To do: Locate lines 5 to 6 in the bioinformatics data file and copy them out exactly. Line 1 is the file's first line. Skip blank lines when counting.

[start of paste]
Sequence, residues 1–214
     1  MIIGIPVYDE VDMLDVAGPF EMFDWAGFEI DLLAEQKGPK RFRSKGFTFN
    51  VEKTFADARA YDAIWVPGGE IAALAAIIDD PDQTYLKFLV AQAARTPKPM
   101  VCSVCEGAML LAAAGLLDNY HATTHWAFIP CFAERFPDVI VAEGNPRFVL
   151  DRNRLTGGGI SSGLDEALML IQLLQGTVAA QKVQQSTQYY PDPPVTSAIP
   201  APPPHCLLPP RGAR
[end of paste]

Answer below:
   151  DRNRLTGGGI SSGLDEALML IQLLQGTVAA QKVQQSTQYY PDPPVTSAIP
   201  APPPHCLLPP RGAR